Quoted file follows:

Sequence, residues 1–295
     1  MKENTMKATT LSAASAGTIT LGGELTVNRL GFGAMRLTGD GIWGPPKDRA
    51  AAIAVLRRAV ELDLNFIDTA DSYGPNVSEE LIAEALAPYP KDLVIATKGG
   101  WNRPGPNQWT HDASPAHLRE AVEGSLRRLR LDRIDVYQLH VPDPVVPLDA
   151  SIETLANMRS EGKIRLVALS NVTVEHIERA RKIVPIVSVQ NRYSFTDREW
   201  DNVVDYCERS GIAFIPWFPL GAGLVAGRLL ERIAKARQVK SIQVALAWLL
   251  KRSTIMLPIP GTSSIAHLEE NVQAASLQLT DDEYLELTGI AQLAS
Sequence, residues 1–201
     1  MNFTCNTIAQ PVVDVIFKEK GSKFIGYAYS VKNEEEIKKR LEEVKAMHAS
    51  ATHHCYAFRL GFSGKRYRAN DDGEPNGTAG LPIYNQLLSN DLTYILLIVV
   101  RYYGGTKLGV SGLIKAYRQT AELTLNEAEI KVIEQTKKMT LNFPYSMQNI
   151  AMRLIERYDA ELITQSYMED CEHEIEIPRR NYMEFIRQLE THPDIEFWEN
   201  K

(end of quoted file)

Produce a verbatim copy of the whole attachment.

Sequence, residues 1–295
     1  MKENTMKATT LSAASAGTIT LGGELTVNRL GFGAMRLTGD GIWGPPKDRA
    51  AAIAVLRRAV ELDLNFIDTA DSYGPNVSEE LIAEALAPYP KDLVIATKGG
   101  WNRPGPNQWT HDASPAHLRE AVEGSLRRLR LDRIDVYQLH VPDPVVPLDA
   151  SIETLANMRS EGKIRLVALS NVTVEHIERA RKIVPIVSVQ NRYSFTDREW
   201  DNVVDYCERS GIAFIPWFPL GAGLVAGRLL ERIAKARQVK SIQVALAWLL
   251  KRSTIMLPIP GTSSIAHLEE NVQAASLQLT DDEYLELTGI AQLAS
Sequence, residues 1–201
     1  MNFTCNTIAQ PVVDVIFKEK GSKFIGYAYS VKNEEEIKKR LEEVKAMHAS
    51  ATHHCYAFRL GFSGKRYRAN DDGEPNGTAG LPIYNQLLSN DLTYILLIVV
   101  RYYGGTKLGV SGLIKAYRQT AELTLNEAEI KVIEQTKKMT LNFPYSMQNI
   151  AMRLIERYDA ELITQSYMED CEHEIEIPRR NYMEFIRQLE THPDIEFWEN
   201  K